Education

Hawaii Lawmakers Urge Program Offering Flexibility

By Linda Jacobson — June 03, 2008 1 min read
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The following offers highlights of the recent legislative sessions. Precollegiate enrollment figures are based on fall 2007 data reported by state officials for public elementary and secondary schools. The figures for precollegiate education spending do not include federal flow-through funds, unless noted.

HAWAII

The legislature passed several school-related resolutions, including one urging the state department of education to implement a pilot project that could offer more flexibility to a group schools in Hawaii’s statewide school district.

Gov. Linda Lingle
Republican
Senate:
21 Democrats
4 Republicans
House:
44 Democrats
7 Republicans
Enrollment:
178,389

Lawmakers also approved a fiscal 2009 state budget of $10.4 billion that includes $2.3 billion for K-12 education, a 1.4 percent increase over fiscal 2008.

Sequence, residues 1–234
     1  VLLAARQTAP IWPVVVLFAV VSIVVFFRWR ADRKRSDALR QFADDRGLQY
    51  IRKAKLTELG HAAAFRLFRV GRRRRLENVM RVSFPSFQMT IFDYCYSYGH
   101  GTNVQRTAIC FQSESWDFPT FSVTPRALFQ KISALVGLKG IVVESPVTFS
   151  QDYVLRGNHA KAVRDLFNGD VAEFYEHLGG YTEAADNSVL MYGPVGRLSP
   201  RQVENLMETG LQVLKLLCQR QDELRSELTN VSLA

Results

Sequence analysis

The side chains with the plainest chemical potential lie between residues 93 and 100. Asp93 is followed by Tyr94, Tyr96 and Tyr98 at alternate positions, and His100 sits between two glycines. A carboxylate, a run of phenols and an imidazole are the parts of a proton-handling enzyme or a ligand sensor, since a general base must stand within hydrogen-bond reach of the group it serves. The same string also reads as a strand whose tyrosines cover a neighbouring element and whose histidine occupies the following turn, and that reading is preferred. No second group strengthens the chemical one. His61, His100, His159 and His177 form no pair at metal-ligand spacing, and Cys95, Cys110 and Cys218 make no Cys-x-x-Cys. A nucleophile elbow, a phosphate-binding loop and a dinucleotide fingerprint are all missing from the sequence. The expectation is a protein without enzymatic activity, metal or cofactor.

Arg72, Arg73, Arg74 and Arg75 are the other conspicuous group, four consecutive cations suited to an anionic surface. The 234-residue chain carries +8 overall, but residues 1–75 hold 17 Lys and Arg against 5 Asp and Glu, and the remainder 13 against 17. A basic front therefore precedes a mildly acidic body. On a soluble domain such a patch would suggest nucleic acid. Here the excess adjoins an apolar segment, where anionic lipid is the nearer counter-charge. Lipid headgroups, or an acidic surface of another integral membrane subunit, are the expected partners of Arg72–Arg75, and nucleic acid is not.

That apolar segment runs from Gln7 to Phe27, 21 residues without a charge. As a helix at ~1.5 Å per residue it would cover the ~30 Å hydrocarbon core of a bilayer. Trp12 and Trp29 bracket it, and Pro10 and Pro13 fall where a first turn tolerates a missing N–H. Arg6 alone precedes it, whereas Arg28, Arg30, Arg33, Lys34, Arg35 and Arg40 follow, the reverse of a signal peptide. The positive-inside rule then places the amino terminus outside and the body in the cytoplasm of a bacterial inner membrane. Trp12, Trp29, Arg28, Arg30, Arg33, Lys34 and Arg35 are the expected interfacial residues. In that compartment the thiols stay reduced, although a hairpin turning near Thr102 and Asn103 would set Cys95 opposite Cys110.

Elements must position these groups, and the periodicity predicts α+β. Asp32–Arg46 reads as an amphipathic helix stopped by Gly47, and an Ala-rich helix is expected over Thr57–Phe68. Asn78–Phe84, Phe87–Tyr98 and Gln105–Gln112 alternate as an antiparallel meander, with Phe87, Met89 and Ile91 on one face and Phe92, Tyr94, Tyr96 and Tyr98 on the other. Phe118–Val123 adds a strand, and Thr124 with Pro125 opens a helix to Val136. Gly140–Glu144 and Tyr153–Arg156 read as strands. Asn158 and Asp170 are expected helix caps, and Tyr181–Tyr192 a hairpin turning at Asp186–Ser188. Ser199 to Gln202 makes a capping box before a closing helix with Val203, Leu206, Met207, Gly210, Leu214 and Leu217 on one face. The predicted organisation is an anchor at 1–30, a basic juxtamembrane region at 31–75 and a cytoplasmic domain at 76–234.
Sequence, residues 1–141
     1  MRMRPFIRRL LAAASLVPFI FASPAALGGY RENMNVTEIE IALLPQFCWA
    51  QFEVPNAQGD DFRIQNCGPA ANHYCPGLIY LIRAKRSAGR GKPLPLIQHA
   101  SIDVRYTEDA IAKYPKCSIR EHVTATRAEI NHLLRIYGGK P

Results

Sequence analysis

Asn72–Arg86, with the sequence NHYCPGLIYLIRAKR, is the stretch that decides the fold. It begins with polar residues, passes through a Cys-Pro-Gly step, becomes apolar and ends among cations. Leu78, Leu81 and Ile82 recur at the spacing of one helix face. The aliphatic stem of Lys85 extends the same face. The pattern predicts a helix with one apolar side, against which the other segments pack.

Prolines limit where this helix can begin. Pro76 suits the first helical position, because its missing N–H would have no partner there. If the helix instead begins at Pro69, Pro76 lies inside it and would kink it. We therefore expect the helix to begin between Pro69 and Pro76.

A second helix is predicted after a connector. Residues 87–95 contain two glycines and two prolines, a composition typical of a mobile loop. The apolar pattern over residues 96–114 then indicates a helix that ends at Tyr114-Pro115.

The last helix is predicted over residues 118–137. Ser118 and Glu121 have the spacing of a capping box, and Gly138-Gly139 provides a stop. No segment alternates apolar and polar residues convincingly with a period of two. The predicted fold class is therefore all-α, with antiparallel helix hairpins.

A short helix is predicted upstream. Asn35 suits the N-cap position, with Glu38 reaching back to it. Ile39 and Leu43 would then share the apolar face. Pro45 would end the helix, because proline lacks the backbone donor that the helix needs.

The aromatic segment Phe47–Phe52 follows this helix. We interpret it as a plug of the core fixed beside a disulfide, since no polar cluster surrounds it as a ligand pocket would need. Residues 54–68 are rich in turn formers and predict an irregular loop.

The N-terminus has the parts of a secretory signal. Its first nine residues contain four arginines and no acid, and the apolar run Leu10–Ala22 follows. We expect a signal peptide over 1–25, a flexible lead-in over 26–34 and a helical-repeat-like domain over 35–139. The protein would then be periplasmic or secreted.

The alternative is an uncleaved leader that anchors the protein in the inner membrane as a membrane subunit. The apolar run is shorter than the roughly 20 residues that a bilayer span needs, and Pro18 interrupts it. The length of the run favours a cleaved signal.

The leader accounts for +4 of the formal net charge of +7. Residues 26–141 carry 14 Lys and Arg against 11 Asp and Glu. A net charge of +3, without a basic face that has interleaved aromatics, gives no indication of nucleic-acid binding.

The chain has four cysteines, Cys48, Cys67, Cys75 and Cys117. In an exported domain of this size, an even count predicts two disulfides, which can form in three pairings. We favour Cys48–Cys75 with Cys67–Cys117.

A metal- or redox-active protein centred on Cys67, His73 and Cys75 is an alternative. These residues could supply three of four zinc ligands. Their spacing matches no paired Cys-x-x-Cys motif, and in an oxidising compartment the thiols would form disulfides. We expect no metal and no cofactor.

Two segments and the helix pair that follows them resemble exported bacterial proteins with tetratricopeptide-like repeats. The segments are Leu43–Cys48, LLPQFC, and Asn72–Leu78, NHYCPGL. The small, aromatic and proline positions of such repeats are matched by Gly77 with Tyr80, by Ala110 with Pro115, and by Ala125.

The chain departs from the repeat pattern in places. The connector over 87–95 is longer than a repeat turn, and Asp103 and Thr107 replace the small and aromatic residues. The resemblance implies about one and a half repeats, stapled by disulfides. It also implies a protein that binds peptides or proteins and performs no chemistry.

Gov. Linda Lingle, a Republican, has been unsuccessful in her attempts to win passage of legislation that would break the school system into several smaller districts with local boards.

But a resolution that passed asks the education department to implement a three-year pilot project in which a single school complex, which includes a high school and its feeder schools, could get greater freedom from what a department summary called policies and regulations that “impede effective decisionmaking, administering, and teaching.”

Another resolution asks the education department to collaborate with the state department of health in providing a report on child and adolescent mental-health services since the lifting of a consent decree in 2005. The decree, stemming from a 1993 class action in the case of Felix v. Cayetano, required that the two departments vastly improve the provision of education and mental-health services to children throughout the state with emotional and behavioral problems.

See Also

See other stories on education issues in Hawaii. See data on Hawaii’s public school system.

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A version of this article appeared in the June 04, 2008 edition of Education Week

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